Masonic Temple Won’t Work For NP School Department | New

NORTH PROVIDENCE – The relocation of the North Providence School Department central offices from their current location at 2240 Mineral Spring Ave. to the Old Masonic Temple at 2121 Smith St. will not work for several reasons, says school committee chairman Frank Pallotta.

Pallotta told City Council and Mayor Charles Lombardi last week that buying the building on the Centredale Bypass for $650,000 and investing in improvements for a school headquarters would not qualify for a refund at least 60% by the State.

At the June 7 meeting, Lombardi and council members noted the low asking price for the property, saying it’s still an attractive purchase for the city whether the school department moves there or not.

Pallotta said he supports the idea of ​​abandoning the current school administration headquarters to demolish it and create more parking in Centredale, but prefers the idea of ​​building new central administration offices as part of a larger project that would bring big paybacks. A project at the Masonic Temple would not qualify for refunds because it would not be connected to another building or larger project.

In addition to financial considerations, Pallotta said, there are also concerns that the property at 2121 Smith St. is in a busy, congested area that would not be safe for district staff or families.

School officials are currently exploring the idea of ​​building new central administrative offices either at North Providence High School “and/or” at Ricci Middle School. Pallotta said the work could be done as part of a larger school improvement project, estimated at $25 million, which would include renovations to three remaining older elementary schools, at about $6 million each. With rebates of 60%, this project would cost the city just $10 million, Pallotta said, and incentives could bring the rebate up to 70%.

“It’s a good deal,” he said of the base number.

Before Pallotta spoke at the June 7 council meeting, Mayor Charles Lombardi told council members that whether or not the Masonic Temple is an option, the city needs school department property.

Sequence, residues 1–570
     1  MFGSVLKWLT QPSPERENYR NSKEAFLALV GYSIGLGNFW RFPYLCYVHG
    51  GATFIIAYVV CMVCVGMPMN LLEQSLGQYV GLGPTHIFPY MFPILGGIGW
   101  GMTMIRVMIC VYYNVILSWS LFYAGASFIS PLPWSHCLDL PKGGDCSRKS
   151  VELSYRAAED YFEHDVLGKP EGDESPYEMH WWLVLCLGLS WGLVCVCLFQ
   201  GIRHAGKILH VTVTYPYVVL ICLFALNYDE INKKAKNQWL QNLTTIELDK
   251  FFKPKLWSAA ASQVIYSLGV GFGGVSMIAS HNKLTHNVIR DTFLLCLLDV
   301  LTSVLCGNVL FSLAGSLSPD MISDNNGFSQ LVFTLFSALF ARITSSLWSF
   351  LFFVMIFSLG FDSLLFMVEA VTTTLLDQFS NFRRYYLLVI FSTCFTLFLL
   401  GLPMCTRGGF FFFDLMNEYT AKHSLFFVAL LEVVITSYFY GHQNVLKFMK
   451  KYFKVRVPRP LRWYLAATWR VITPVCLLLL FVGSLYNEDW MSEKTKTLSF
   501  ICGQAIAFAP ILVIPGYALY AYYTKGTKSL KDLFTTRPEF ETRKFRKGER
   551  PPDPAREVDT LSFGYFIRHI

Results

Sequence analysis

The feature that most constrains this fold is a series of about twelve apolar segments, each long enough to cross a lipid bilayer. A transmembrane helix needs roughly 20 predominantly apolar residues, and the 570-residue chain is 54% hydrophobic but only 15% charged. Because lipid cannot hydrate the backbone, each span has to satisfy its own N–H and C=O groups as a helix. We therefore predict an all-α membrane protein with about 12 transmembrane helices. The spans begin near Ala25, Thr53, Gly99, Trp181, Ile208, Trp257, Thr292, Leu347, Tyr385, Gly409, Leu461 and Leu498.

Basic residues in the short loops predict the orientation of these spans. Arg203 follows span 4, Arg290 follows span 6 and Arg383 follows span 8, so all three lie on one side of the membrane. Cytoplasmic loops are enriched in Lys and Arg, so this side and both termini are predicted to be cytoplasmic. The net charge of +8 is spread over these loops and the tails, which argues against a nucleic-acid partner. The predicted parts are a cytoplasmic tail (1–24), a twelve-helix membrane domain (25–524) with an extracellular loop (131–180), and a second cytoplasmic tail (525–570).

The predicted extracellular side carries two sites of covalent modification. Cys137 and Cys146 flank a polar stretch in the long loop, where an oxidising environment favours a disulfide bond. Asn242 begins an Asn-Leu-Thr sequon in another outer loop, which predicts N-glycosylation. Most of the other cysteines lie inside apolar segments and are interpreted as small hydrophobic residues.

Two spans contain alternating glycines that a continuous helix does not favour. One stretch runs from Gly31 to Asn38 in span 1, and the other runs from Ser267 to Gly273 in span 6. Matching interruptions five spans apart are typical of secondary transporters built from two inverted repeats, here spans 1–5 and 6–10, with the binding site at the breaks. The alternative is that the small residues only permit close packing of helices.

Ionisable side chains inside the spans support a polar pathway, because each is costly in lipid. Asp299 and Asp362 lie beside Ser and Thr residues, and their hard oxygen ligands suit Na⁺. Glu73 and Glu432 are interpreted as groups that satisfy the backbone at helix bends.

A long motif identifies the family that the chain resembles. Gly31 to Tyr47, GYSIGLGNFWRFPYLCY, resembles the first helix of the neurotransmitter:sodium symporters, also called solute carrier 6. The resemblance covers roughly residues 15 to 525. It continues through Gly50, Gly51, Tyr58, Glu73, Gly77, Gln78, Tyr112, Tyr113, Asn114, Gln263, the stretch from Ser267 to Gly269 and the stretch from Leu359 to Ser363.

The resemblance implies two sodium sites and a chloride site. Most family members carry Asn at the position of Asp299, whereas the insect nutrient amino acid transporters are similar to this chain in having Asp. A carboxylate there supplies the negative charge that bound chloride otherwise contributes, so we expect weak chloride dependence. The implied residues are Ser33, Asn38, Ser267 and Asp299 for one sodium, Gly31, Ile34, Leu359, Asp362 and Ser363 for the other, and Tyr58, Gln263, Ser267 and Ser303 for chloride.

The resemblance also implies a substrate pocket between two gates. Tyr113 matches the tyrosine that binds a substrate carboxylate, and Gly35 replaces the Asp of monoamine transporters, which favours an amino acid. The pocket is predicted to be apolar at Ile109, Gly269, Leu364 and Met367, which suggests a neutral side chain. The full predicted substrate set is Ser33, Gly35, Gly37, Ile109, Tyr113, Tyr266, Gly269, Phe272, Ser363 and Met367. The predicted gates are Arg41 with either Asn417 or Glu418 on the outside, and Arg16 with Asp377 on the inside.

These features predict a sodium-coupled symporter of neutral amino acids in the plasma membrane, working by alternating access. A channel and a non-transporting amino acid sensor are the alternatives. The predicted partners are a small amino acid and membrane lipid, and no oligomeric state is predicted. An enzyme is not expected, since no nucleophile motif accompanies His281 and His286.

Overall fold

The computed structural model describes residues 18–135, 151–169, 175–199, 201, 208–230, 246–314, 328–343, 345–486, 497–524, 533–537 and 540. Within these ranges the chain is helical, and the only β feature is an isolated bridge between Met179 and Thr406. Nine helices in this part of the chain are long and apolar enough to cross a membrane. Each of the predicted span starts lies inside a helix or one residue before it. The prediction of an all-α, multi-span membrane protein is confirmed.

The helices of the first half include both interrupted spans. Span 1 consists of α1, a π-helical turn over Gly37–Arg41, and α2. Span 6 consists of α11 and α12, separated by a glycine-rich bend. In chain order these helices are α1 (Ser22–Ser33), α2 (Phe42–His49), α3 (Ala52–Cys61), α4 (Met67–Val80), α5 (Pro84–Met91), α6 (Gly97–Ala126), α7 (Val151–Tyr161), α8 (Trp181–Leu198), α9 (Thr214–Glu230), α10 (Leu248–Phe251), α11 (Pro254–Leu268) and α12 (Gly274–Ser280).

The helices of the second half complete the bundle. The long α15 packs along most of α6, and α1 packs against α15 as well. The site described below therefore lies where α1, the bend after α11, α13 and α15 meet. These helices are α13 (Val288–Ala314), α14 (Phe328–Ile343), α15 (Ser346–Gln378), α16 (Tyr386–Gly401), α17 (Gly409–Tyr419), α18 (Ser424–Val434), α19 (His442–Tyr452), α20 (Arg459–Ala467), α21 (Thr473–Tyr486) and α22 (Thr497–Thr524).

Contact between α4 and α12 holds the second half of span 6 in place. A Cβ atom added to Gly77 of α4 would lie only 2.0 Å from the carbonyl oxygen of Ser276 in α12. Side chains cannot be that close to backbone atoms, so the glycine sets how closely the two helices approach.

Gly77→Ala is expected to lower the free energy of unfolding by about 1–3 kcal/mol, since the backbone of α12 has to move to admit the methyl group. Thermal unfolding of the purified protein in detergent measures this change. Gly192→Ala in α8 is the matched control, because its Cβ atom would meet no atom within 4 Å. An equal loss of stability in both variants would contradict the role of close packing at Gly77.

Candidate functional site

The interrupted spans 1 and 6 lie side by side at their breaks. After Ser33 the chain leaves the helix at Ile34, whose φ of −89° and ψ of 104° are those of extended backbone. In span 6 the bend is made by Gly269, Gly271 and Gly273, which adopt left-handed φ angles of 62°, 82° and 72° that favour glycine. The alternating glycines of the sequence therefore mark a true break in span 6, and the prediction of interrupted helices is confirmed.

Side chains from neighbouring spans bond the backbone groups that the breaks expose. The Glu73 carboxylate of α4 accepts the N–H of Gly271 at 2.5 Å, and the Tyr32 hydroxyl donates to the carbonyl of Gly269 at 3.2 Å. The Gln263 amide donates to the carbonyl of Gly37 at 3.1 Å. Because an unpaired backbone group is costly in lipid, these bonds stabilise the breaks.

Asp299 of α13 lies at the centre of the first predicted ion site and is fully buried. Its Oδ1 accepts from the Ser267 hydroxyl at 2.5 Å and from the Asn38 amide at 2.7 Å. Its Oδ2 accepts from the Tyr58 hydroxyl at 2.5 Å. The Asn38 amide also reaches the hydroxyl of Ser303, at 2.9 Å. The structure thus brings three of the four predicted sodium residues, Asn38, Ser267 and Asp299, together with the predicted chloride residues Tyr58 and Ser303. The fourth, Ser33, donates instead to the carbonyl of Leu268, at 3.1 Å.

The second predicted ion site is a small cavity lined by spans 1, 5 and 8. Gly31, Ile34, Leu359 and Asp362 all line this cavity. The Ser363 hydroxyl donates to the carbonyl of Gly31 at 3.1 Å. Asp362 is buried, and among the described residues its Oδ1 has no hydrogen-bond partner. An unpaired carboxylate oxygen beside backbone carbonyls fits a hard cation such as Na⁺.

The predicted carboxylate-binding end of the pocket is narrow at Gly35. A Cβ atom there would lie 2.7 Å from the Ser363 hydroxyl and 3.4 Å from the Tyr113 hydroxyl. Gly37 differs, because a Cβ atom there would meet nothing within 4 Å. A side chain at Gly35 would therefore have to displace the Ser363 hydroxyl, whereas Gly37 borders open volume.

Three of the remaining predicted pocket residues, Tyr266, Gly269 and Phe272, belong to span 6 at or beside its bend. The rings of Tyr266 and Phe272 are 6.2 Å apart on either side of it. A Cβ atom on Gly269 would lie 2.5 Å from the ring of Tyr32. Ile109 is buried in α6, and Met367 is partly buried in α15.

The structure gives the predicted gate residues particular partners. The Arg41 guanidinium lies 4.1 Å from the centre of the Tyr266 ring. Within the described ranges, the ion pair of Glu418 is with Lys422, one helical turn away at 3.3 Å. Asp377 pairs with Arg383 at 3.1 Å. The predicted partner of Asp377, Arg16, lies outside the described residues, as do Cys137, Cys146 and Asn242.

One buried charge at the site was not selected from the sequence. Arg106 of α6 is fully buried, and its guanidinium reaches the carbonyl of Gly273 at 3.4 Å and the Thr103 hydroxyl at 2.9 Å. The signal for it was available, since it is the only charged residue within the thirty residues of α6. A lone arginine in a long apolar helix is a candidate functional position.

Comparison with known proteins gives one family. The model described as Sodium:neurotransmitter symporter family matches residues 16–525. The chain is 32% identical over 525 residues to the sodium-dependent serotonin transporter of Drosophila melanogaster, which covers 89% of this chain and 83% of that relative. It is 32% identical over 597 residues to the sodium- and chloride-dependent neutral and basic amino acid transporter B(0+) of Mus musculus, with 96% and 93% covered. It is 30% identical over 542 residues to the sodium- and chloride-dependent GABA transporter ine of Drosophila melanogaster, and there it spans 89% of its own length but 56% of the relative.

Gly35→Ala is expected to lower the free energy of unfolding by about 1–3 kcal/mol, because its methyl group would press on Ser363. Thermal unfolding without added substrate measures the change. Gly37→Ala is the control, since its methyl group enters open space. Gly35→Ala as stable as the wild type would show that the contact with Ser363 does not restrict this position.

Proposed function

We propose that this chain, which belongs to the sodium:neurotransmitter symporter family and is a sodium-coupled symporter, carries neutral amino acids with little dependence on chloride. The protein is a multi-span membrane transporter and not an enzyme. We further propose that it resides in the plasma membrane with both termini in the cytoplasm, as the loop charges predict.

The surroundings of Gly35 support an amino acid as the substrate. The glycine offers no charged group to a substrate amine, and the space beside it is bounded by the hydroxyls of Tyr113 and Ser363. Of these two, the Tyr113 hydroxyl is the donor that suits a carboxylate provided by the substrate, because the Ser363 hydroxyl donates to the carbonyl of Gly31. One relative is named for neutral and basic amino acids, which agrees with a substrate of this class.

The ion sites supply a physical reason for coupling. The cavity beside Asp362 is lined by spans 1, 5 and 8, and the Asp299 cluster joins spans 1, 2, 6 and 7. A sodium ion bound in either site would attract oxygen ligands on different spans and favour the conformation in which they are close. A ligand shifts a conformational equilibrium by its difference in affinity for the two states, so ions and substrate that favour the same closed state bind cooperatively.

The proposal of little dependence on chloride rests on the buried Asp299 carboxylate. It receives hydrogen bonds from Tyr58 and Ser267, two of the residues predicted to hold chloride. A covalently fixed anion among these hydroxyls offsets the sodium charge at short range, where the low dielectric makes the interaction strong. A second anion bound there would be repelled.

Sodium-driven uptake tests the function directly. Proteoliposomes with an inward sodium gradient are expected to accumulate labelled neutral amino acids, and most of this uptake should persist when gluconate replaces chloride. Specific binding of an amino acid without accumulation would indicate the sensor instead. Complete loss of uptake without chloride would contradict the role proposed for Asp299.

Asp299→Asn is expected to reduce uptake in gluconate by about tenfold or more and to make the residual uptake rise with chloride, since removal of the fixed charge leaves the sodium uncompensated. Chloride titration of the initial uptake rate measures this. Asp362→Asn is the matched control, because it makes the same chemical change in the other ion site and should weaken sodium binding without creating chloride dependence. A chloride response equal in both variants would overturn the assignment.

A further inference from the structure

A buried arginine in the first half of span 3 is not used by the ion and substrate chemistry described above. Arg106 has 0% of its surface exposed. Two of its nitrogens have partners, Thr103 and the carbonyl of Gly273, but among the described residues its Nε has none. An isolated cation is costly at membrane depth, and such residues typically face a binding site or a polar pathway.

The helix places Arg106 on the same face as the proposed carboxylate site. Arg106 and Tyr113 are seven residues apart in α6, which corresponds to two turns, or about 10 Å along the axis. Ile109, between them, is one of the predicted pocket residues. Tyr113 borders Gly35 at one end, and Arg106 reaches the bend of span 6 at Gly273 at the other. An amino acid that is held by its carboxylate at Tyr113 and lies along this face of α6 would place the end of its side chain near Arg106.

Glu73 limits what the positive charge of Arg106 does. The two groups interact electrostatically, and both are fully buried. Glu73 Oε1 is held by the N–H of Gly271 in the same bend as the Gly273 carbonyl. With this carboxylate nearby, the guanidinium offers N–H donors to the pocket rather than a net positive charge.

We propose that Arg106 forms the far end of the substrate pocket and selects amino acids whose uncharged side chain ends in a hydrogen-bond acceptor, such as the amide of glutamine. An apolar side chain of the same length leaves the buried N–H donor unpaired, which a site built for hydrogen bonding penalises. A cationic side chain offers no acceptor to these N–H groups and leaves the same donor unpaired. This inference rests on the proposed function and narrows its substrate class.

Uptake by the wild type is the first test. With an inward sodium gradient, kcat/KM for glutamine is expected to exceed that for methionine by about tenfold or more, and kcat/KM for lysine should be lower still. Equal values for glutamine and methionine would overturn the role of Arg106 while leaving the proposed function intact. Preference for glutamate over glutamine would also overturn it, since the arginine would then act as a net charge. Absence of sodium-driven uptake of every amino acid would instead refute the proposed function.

“We need this property to park somehow,” he said. “They have to move because we need this area to park.”

The mayor said he also supports the purchase of the Masonic Temple building whether or not it is used for school offices, a sentiment shared by Centredale business owner Shane Piche, who told council that it made a lot of sense to place the property under city control. Similar to Rhodes on the Pawtuxet, he said he could imagine a kind of “Rhodes on the Woonasquatucket”. Camp Meehan/Notte Park is basically booked all the time now for events, he said, and that would open up new opportunities to bring Centredale to life. There might even be grant opportunities due to the property’s history, he noted.

Lombardi said news from Pallotta that the district had hired an architect to reassess all local schools came as a surprise. Pallotta said he only learned much of the information that day and would meet with experts again to get more details on what it would take to complete a larger project.

According to Pallotta, a plan should be submitted by late August or early September, and if all elected leaders decide that’s the best way forward after school officials come up with a more concrete package that includes drawings and financial figures, with renovations from Whelan, including Greystone and Centredale schools, the district would be “ready for a long time” with its facilities.

Pallotta said new central administrative offices could be built at the back of North Providence High School, and the building could include a lower level storage for equipment related to athletic facilities being redesigned nearby.

Councilor Ron Baccala asked Pallotta if the current school administration offices are maxed out on space, and Pallotta said they are, and any new office should be at least the same 9,200 square feet.

The 8,600 square foot Masonic Temple property is being offered to the city for $650,000.

The council ended up pursuing the question of whether to purchase the Masonic temple building until its next meeting.


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